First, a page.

Wednesday, May 23, 2018

Butler Boudini

Butler slips out of the Ram-ada Inn paddock several times a day. I have no idea how; I've plugged all the obvious "holes." Problem is, he can't figure out how to get back in! Bogie tattles on him, I go down and usher Boudini back into the lot, and peace reigns for awhile. I'd love to put them both in with the big boys (more secure fencing, more room, simpler chores), but Butler is such a little squirt that I'm afraid he'd get his neck broke trying to take on the big guys. I've had a couple parties express interest in him as a flock sire; that would be wonderful for all.

The iris parade continues. The first three are peeking out of the tall pasture grass out by our entrance gate.

More of the odd hybrid iris are blooming:

Tucked in the shade of an oak tree is this stunning royal beauty:
I think that's the best photo of this iris' actual color I've ever captured; go iPhone 8!

I keep forgetting to post this, but I did finish a little hat to go with the "old man cardigan" I knit for my niece's baby. I need to get everything washed and mailed in time for her upcoming baby shower. Nothing else on the needles right now; all my fiber focus has been on fleeces!

That's it for now from . . .

Tuesday, May 22, 2018

Woot! I see a light and don't think it's a train!

Sunday I rooed Blake and Butler; today I sheared and skirted Bing. That makes 11 down and four to go, but since Bing's was the last reserved fleece, the outside pressure is off. (The inside pressure remains; I want to have everyone done before June.) Once Vienna, Bogie, Bridget, and Bernadette are sheared, I will advertise on Ravelry again and expect that the ready fleeces will fly out the door.

My gentleman ram Blake has many excellent qualities, which is why he is still here eight years after Brava gave birth to him (and then left him an orphan at five weeks of age). But his roo-able fleece has a heavy grease line at the rise and smells very rammy, so I decided to have his 2017 and 2018 fleeces processed. A fleece client asked me to ship her purchases to Columbia Custom Carding, which she praised highly, so I put Blake's fleeces in the box, too. In a few months I will have some pin-drafted roving available for sale.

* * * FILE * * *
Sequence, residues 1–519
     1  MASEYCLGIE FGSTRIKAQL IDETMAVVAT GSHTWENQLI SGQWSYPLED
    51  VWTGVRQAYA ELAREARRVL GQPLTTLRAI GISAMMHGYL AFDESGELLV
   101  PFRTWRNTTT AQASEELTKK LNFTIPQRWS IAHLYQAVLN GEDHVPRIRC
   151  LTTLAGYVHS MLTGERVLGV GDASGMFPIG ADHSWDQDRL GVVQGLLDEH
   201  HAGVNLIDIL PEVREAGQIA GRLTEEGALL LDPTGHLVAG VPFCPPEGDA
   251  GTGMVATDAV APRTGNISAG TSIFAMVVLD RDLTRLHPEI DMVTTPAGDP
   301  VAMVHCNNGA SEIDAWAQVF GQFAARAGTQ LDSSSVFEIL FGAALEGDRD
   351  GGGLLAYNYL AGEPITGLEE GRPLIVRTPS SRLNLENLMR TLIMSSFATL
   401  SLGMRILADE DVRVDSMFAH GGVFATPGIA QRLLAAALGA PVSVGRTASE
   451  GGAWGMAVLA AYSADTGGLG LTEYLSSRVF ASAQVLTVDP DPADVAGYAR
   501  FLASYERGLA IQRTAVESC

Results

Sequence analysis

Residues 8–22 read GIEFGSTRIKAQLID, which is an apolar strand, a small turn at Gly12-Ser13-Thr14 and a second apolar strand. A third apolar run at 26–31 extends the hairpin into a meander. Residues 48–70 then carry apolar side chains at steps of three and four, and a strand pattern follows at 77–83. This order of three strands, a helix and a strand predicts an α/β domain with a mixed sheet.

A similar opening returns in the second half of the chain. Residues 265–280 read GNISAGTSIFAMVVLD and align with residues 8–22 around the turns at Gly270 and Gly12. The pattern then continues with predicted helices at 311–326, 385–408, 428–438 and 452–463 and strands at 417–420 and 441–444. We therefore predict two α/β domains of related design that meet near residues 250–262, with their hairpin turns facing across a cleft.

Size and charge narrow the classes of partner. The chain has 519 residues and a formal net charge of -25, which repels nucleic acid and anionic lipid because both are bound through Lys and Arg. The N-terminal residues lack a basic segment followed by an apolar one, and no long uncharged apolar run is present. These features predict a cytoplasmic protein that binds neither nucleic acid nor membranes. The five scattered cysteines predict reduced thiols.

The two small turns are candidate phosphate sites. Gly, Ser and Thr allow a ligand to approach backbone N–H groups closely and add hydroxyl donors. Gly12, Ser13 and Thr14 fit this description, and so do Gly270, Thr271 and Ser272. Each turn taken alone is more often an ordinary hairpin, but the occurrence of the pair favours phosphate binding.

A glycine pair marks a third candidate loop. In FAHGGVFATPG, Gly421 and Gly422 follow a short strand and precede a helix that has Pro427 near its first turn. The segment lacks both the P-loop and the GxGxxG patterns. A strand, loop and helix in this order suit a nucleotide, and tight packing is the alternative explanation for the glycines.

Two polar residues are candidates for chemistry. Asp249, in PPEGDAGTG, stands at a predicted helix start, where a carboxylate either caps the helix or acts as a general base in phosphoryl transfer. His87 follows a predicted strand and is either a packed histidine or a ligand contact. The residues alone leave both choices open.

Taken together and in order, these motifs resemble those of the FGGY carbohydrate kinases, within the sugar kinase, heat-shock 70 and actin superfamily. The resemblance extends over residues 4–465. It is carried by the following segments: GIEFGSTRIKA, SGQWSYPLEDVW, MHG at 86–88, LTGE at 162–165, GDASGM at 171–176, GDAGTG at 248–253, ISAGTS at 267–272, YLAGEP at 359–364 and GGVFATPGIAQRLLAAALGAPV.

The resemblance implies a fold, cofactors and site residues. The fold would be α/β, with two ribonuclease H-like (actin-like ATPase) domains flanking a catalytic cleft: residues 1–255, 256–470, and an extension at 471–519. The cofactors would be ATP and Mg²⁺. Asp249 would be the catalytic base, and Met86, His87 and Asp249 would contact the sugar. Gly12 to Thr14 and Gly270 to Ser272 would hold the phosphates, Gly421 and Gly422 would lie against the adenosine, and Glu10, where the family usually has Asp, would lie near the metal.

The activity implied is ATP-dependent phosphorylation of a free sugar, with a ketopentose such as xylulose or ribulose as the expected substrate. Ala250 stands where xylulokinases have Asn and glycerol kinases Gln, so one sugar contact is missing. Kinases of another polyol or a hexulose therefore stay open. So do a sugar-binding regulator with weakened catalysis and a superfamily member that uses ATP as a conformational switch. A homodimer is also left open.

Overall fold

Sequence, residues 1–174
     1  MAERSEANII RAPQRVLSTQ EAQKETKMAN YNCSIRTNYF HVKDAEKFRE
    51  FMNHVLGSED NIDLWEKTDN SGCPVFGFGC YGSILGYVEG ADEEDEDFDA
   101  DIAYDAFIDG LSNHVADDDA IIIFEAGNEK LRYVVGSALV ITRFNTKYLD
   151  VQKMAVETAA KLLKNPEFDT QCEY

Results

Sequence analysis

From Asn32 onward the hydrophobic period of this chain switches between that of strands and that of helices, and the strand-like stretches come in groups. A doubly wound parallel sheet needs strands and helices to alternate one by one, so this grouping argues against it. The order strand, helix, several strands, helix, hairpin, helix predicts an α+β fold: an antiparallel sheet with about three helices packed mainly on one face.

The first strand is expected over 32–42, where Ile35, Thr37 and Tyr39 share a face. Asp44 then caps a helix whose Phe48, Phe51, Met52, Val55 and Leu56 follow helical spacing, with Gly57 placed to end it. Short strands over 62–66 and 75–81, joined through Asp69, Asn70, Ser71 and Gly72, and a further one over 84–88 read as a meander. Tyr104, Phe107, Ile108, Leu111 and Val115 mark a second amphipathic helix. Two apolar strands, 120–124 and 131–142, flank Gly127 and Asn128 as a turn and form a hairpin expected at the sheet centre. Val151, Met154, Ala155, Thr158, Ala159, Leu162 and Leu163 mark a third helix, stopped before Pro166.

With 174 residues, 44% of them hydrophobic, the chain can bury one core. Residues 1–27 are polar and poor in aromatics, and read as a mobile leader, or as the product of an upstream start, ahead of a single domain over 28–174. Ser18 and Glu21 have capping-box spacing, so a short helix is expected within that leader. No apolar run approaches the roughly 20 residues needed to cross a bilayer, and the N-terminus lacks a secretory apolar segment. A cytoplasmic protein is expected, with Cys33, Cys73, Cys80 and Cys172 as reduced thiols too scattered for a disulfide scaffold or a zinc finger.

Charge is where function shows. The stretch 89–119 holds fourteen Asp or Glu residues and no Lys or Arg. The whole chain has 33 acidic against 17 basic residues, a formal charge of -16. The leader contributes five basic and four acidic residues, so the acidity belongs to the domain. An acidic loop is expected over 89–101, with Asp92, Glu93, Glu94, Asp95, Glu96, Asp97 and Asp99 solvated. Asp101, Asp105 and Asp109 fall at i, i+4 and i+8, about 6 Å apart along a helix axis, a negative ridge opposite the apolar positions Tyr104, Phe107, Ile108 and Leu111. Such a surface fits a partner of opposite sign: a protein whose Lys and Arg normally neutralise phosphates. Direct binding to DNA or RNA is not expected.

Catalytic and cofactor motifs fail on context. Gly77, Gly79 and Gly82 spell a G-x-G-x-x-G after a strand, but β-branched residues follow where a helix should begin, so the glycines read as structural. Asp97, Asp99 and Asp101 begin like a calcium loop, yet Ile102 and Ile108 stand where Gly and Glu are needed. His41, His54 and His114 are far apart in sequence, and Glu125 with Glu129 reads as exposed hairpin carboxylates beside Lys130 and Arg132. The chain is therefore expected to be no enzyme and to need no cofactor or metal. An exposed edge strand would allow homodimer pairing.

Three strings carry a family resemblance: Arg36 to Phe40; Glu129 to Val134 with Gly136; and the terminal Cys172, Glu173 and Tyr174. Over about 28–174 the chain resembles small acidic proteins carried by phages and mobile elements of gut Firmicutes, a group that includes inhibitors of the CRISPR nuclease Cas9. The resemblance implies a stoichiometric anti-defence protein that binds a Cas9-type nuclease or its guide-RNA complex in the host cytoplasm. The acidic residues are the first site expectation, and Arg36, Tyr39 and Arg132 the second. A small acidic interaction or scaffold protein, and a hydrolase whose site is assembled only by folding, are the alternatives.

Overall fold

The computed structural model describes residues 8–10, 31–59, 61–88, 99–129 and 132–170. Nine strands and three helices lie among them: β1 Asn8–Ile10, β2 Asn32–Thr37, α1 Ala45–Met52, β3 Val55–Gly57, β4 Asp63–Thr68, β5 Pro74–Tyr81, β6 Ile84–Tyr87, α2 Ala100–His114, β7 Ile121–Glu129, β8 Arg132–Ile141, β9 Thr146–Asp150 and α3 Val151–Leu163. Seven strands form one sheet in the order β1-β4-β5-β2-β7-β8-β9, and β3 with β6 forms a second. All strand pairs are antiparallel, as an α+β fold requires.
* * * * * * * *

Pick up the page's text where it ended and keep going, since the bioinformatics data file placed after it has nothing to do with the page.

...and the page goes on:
Here are the three sheep before and after shearing:

Blake's greasy fleece

Lotsa wool left after rooing!

Rooing little man Butler
Lotsa wool left here, too (I scissor-sheared his neck and rump)

Wonderful waves of crimpy wool
And here are three of my FIVE musket girls thanks to Blake (two daughters and a granddaughter):

On Sunday, Rick finally started prepping our garden space and mowed the half of the middle pasture containing the most foxtail. Now the sheep can safely graze again; the girls approved:

That's it for now from . . .

Saturday, May 19, 2018

Sitting duck

This afternoon after we finally got home from church, potluck, and a concert, I let Red out, led the horses to the upper pasture, and loved on some sheep. Then we played a family game of Frisbee "monkey in the middle," with Brian as the monkey on the trampoline. An hour later, when it was time to unplug the hay steamer, I decided to leave Red out because she was enjoying basking in the sun by the barn. After another hour it was time to take the horses back to the barn. As we walked down the driveway, I saw bits of white on the gravel in the distance – and immediately feared the worst. Sure enough, they turned out to be feathers. I put the horses in their stalls and followed the trail of feathers across the driveway, around the manure pile, and through the weeds, hoping against hope I might find Red just frightened or injured. But the sweet and friendly hen that had survived a mink attack at my friend's place would not be so lucky here; my lapse was her demise. I was gutted over letting her down. She's been my shearing buddy, my one pet chicken; this week I've even been hand-feeding her a daily antibiotic tablet mixed with treats in hopes of reversing her painful foot condition.
If I had any doubts about who dined on Red, they were erased when I went back to the barn to give the horses their concentrates.
See the small galvanized pail on the left edge of the photo? That's the cat food bin. It was on its side at the base of the stairs just visible on the right edge of the photo, although the raccoon that dragged it around hadn't been able to open the lid. That's because I had pulled the bail up to secure it after finding it on its side and open this morning. If only I had secured my chicken....

That's the sad ending to an otherwise good day at . . .